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  • Fuss over King Philip's War Boardgame

    Saw this interesting article on Yahoo today.
    Settlers-vs.-Indians board game rankles tribes

    I was somewhat stunned by what I read. I know we live in a "politically correct" world but I thought this was a bit rediculous. I guess I never really thought of people being offended by a game based in history. From what I've read the game designer, a middle school history/english teacher, did his research, although the native americans interviewed for the article apparently want more input. However, MultiManPublishing and part owner Curt Schilling (I didnt know he was part owner) seem to be handling it pretty well.

    "If everyone intent on keeping historical events stopped at content that might seem offensive, we'd lose sight of the horrific mistakes this nation, the world and the human race are capable of, and that would be a horrific thing," Schilling said in an e-mail sent through his publicist.
    Im glad to see the company sticking up for the game and designer although the article says the designer did make some changes after "bowing to the reaction."

    But I guess the old saying can apply "All publicity is good publicity."

    Your thoughts?

    Thanks for looking!!

  • #2
    Originally posted by SoccerDJ View Post
    Saw this interesting article on Yahoo today.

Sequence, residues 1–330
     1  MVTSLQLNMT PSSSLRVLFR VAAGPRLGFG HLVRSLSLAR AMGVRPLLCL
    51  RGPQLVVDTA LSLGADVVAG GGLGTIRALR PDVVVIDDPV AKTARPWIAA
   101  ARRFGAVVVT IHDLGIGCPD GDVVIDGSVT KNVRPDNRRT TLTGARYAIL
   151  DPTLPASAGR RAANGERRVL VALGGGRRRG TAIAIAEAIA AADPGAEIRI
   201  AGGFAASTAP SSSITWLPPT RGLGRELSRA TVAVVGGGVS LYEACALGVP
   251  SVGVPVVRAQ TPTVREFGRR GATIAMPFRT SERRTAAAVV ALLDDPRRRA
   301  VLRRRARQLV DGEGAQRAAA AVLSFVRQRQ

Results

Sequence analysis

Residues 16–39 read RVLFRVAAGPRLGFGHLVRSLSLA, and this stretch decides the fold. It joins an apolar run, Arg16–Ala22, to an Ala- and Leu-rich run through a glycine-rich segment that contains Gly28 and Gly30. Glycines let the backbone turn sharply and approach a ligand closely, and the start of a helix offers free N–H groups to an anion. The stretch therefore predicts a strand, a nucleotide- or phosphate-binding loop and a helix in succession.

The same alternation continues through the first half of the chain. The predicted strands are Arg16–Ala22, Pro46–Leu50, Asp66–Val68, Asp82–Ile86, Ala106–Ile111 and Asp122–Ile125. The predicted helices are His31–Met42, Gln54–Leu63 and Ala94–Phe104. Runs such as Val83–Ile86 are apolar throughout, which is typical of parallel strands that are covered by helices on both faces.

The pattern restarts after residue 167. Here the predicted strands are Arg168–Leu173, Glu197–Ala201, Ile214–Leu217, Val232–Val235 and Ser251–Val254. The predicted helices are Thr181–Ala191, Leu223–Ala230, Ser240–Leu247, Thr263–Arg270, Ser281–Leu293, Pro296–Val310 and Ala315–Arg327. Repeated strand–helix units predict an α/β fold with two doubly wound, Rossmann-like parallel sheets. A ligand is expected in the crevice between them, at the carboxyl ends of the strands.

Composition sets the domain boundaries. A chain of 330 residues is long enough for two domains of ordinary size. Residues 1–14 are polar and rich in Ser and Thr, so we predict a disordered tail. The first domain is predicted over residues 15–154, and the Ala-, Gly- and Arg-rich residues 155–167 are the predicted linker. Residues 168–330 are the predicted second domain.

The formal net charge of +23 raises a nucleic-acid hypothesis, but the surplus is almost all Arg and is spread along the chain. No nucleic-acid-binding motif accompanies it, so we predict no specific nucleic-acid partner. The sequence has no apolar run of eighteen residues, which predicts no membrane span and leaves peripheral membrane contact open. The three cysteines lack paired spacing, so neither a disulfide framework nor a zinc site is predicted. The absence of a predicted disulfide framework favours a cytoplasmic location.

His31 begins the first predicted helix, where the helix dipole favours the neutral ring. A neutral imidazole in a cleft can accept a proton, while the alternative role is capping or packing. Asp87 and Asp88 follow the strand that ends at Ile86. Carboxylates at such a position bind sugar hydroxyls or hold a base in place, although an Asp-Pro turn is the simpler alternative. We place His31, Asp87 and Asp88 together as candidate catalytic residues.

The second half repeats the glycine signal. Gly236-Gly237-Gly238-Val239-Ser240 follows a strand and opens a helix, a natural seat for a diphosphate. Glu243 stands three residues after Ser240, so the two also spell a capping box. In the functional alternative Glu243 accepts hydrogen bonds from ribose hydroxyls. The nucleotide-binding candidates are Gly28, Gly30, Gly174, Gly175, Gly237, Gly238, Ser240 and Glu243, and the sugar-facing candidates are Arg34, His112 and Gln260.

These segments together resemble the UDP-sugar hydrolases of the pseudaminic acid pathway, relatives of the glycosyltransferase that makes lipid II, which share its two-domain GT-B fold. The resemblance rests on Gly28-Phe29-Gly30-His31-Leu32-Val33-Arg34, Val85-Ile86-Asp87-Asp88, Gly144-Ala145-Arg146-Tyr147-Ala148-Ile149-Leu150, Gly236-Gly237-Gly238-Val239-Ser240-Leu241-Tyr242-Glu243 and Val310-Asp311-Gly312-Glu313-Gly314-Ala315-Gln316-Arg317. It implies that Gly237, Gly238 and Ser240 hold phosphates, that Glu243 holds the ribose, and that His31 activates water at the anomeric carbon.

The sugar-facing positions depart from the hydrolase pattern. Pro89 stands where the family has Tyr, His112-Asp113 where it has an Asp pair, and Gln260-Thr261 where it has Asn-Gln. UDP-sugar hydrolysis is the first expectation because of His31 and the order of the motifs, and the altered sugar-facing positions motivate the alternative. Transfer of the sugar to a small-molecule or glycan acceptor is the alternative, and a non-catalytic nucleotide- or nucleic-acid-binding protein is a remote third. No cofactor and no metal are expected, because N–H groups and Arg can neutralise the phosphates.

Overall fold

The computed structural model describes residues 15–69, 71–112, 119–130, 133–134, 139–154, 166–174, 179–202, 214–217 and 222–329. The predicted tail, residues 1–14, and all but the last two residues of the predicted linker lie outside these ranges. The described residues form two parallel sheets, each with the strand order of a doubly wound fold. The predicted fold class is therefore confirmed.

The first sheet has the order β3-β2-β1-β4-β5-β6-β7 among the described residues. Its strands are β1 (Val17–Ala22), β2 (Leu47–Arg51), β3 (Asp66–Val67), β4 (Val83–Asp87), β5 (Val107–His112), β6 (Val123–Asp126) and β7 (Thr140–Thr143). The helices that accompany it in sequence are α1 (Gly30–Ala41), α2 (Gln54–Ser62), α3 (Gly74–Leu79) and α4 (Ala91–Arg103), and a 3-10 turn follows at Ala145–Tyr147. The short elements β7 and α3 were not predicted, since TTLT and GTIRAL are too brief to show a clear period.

Settlers-vs.-Indians board game rankles tribes

    I was somewhat stunned by what I read. I know we live in a "politically correct" world but I thought this was a bit rediculous. I guess I never really thought of people being offended by a game based in history.
    Really ? I can easily see this happening--depends on the game and what it is intended to do, depends on the history and how well it is done, and it depends on the different people and how they see the events that have been turned into the game.

    It's difficult to judge from the article. There could be a lot of things going on. For one thing, and at a very trivial level, it's called a "game" which involves "playing." For many, if not most people (no, not the ones here ), that does imply a trivialization. I am serious, but if they called it a "simulation" it might have gone over better.

    The other thing is that it seems to be marketed as an educational tool for schools. If that's the case, then it ups the ante and they really needed to work with Native Americans. For example, the whole "our Puritan ancestors" thing indicates a more than normal level of cluelessness, not to mention a historical tin ear (the notorious "Nos anctres, les Gaulois" in colonial Vietnam springs to mind). If that's indicative, there might have been a lot wrong with the game.

    This was an interesting find BTW. I've been thinking a bit recently about historical games and their value (or lack thereof) in teaching history. The fact that people feel this game is worth debating indicates they feel there is some value to it.
    Every 10 years a great man.
    Who paid the bill?

    Comment


    • #3
      I read this article last night, and was very surprised that this is getting so much attention. I haven't seen the game, but the criticism seems to be pretty weak. Basically since King Philip's War was a "tragedy" (what war isn't?), creating a board game about it is offensive. By that logic, no war should be represented in a board game. Where's the outcry over Axis & Allies?

      BTW, the creator of the game has posted here at ACG in the past in a discussion of King Philip's War.